Repairing Expansion Bands

March 1999

Timepieces:Education & Repair

Repairing Expansion Bands

Many new models require a few extra steps

By David Christianson
Certified Master Watchmaker
President, American Watchmakers-Clockmakers Institute

As the popularity of expansion bands continues to, well, expand, you've no doubt been asked at some point to custom-fit or repair one. We discussed repairing basic models of Hirsch Speidel bands in the December issue (p. 56). Now let's look at how to repair some newer models that require extra steps.

Wide Caps
As noted in the earlier column, the company makes one model of bands featuring top caps wider than the bottom links. To remove the required number of links from these bands, it's best to remove the top caps entirely.

Turn the band inside out and spread the links apart with one hand. With a thin blade, open the four tabs that hold the top cap in place. Then count the number of links you need to remove and perform the same operation on the very next top cap. Open up the adjoining bottom link end along the same edge as the now-uncapped links. Slide out both links, and those between them will slide away also. You've now removed all the links required to size or repair the bracelet.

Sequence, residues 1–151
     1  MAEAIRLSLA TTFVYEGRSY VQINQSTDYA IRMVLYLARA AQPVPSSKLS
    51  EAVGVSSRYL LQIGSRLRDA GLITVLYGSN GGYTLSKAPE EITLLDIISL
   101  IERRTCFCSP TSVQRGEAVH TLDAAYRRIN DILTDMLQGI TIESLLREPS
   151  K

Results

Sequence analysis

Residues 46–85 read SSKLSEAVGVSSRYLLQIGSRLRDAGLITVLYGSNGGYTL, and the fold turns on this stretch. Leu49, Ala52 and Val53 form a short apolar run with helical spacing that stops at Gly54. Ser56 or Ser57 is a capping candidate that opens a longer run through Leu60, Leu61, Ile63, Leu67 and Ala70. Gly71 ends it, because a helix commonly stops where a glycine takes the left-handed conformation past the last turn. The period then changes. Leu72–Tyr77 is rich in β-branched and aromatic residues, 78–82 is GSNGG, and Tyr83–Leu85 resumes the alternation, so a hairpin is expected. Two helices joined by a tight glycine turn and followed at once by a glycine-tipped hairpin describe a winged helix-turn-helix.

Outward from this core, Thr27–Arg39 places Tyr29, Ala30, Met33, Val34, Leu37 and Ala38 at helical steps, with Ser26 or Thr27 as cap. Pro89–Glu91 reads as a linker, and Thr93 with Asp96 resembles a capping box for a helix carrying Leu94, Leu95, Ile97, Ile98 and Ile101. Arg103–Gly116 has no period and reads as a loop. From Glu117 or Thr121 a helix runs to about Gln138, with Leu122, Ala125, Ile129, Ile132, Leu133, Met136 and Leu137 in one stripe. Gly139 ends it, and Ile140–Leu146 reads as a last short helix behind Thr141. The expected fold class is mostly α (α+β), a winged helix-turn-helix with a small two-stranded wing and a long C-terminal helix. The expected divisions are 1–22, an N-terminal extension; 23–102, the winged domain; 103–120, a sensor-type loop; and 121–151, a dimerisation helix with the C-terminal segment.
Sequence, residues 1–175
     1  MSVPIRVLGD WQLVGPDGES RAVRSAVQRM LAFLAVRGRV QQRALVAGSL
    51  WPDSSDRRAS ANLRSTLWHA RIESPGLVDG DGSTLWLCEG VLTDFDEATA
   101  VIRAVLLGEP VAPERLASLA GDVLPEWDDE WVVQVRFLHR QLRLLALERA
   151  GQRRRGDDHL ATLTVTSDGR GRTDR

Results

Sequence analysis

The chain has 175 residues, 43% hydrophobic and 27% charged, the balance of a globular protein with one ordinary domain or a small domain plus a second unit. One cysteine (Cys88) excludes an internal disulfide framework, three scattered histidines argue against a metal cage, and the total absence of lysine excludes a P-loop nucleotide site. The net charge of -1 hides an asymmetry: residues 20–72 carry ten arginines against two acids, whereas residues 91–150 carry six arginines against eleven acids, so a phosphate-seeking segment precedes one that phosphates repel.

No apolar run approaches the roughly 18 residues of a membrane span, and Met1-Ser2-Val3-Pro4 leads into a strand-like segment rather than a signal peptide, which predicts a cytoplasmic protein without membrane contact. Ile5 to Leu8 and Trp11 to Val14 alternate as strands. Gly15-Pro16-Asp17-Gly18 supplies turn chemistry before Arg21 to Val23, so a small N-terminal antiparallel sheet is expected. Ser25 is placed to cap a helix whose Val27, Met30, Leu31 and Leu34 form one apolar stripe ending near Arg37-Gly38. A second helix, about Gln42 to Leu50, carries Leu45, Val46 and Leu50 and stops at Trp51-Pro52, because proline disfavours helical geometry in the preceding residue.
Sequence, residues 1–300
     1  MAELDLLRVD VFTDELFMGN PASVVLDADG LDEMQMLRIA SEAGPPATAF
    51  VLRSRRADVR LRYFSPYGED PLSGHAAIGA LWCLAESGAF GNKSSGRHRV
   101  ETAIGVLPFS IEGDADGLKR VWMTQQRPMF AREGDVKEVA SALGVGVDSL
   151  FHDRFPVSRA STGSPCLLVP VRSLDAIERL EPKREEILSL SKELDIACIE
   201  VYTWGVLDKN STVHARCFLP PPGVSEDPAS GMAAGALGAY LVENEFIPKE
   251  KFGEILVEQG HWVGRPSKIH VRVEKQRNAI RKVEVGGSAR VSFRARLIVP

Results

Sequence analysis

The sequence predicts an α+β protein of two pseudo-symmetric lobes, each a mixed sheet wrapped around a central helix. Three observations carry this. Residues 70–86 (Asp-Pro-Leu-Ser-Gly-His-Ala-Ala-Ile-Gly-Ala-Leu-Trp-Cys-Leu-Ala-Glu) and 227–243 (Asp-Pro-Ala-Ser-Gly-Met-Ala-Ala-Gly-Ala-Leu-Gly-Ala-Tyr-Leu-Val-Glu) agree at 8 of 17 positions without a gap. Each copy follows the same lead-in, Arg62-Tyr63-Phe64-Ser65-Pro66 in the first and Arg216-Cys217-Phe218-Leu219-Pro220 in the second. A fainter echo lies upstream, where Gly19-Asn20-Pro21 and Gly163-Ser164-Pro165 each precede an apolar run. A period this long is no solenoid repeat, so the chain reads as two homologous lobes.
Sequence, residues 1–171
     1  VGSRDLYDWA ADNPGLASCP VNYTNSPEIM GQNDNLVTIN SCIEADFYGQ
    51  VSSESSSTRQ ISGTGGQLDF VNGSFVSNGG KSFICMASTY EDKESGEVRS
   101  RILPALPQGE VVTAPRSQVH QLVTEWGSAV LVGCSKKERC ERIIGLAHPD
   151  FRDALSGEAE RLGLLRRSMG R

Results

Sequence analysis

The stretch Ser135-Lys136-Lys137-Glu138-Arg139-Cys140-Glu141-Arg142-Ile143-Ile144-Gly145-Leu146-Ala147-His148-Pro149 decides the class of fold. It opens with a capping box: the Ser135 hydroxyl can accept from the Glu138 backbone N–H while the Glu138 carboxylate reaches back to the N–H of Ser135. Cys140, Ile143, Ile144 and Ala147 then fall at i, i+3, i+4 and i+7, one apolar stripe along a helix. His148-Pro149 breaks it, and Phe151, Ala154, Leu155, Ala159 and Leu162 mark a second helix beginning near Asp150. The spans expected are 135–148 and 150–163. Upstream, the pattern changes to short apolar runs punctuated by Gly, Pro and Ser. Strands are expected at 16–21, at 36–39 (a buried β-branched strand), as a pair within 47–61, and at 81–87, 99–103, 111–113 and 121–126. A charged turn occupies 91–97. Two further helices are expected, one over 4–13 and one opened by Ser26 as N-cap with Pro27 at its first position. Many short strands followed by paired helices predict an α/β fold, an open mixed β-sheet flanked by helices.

To replace the links, straighten the tabs with needlenose pliers. Slip the caps back on the links. Make sure the caps slip into their four tabs and fold the tabs back down.

Angled Flaps
Speidel also makes a band with an end flap on each end of the cap. Instead of folding the end flap open (which may distort the metal), slip the thin blade under the edge of the top end piece, pry the lower end down and pop off the upper cap.

With the cap removed, an adjacent lower link end flap can be opened. Remove the U-clip and the band will be separated. To replace the cap, hook it to one side of the link and snap the other side of the cap down over the other side of the link. Restore the angle by folding the flap inward toward the bottom link.

David A. Christianson is fourth-generation owner of Christianson Jewelry, Kendallville, IN. In addition to serving as president of the American Watchmakers-Clockmakers Institute, he is a certified master watchmaker and a fellow of the British Horological Society. He discusses watch repair for the sales staff in this column each month. Send questions, suggestions and comments toProfessional Jeweler,1500 Walnut St., Suite 1200, Philadelphia, PA 19102; askus@professionaljeweler.com.



Copyright © 1999 by Bond Communications.


 

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